Lincolnshire

Dummy whales and dolphins 'rescued' from North Sea beach

Whale rescue exercise
Image caption Each rubber whale weighs about two tonnes when filled with water

A marine charity has held a mass beach-stranding simulation rescue using water-filled dummy dolphins and whales.

Dozens of volunteers took part in the British Divers Marine Life Rescue training exercise at Trusthorpe, Lincolnshire, on Sunday.

Operations manager Stephen Marsh said the training was vital in preparing for real situations.

Whales, in particular, needed to be refloated as quickly as possible, he said.

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Image caption In 2016, the charity dealt with more than 850 rescues, including 43 incidents involving pilot whales
Image caption The charity also dealt with numerous incidents involving porpoises and dolphins

In 2016, the charity took part in more than than 850 rescues, including 43 incidents involving pilot whales and 11 involving sperm whales.

Mr Marsh said all kinds of medical problems could occur if the whales were not dealt with promptly.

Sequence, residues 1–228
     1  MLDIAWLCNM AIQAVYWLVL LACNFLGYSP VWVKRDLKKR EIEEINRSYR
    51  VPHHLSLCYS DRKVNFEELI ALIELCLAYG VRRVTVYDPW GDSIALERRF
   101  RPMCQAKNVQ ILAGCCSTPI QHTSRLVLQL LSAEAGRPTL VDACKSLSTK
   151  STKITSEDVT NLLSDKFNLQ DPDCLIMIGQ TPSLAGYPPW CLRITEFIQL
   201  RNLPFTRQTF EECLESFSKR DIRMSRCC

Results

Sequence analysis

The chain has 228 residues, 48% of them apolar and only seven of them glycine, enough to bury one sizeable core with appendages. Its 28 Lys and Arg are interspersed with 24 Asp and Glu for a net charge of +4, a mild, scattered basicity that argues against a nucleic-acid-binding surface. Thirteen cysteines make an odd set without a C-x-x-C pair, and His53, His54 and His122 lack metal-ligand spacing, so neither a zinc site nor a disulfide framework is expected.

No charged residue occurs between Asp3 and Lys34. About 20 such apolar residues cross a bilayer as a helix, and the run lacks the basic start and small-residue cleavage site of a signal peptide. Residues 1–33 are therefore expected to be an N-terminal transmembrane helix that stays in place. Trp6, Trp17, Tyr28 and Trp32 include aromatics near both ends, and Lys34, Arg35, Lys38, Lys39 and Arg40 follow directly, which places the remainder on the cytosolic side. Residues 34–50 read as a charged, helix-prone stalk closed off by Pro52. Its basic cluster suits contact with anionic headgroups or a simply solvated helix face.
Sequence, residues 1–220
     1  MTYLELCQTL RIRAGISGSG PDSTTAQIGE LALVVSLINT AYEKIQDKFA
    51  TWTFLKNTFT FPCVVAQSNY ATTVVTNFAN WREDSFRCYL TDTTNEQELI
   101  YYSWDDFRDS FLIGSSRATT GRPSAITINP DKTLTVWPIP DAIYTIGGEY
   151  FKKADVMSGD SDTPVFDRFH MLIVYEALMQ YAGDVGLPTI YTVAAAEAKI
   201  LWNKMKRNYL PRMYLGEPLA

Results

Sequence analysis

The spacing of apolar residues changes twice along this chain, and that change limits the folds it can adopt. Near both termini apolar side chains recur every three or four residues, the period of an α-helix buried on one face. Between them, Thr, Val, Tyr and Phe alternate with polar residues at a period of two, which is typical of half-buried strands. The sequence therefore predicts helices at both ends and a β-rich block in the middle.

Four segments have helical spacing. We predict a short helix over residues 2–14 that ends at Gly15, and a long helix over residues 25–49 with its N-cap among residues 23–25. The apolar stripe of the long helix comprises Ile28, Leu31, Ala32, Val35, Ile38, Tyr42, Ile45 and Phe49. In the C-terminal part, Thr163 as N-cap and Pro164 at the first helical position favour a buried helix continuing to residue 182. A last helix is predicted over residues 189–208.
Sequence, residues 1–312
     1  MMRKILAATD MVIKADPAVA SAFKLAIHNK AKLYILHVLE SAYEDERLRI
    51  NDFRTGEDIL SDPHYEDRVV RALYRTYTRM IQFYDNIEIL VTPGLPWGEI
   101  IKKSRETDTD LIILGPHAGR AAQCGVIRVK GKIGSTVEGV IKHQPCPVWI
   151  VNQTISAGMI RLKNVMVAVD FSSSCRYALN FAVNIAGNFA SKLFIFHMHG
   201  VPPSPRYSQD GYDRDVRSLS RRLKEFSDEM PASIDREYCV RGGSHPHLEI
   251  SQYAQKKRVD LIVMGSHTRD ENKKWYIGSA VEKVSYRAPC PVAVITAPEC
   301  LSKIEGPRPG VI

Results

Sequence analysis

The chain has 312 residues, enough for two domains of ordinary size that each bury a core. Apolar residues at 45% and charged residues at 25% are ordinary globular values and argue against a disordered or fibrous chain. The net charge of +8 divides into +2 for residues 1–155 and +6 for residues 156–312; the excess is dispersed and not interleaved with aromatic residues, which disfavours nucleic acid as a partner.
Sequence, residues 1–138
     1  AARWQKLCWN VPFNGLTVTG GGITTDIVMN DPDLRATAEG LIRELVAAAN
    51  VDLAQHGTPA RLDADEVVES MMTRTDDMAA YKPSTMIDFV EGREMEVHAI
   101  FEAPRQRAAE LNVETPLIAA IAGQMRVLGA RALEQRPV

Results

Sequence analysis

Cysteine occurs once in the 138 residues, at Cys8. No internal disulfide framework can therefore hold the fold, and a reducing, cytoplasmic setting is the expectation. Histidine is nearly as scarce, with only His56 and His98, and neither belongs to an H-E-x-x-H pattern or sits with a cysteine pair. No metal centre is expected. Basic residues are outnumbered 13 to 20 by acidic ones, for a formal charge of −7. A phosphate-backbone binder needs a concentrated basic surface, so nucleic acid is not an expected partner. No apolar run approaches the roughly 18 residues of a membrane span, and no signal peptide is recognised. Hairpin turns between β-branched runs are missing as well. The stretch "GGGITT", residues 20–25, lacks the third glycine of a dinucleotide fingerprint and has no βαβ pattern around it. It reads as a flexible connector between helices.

Why do sperm whales wash up on beaches?

Toxins could be released into the bloodstream, and if a whale was on one side, it could start hyperventilating as one lung shut down, he said.

He said the whales and dolphins used in the exercise were as realistic as possible in terms of weight, size and movement, to mimic what would happen during a real rescue.

Image caption It takes a team of eight people to safely move a 175kg dolphin

Mr Marsh said the event also used the services of a vet to monitor the "stranded animals".

Dolphins, which weigh about 175kg (27 stone), could be moved on a floating stretcher, while pilot whales, which weigh about two tonnes, had to be moved on a floating pontoon, he said.

Mass beach strandings could occur when one animal, which may be injured or diseased, leads others to shallow waters, he added.

A mass stranding in 2016 involving 29 sperm whales may have been caused by large solar storms, responsible for the Northern Lights, scientists claim.

A new study says these geomagnetic disruptions may have confused the whales' ability to navigate.

Several of the whales washed up in Lincolnshire and Norfolk.

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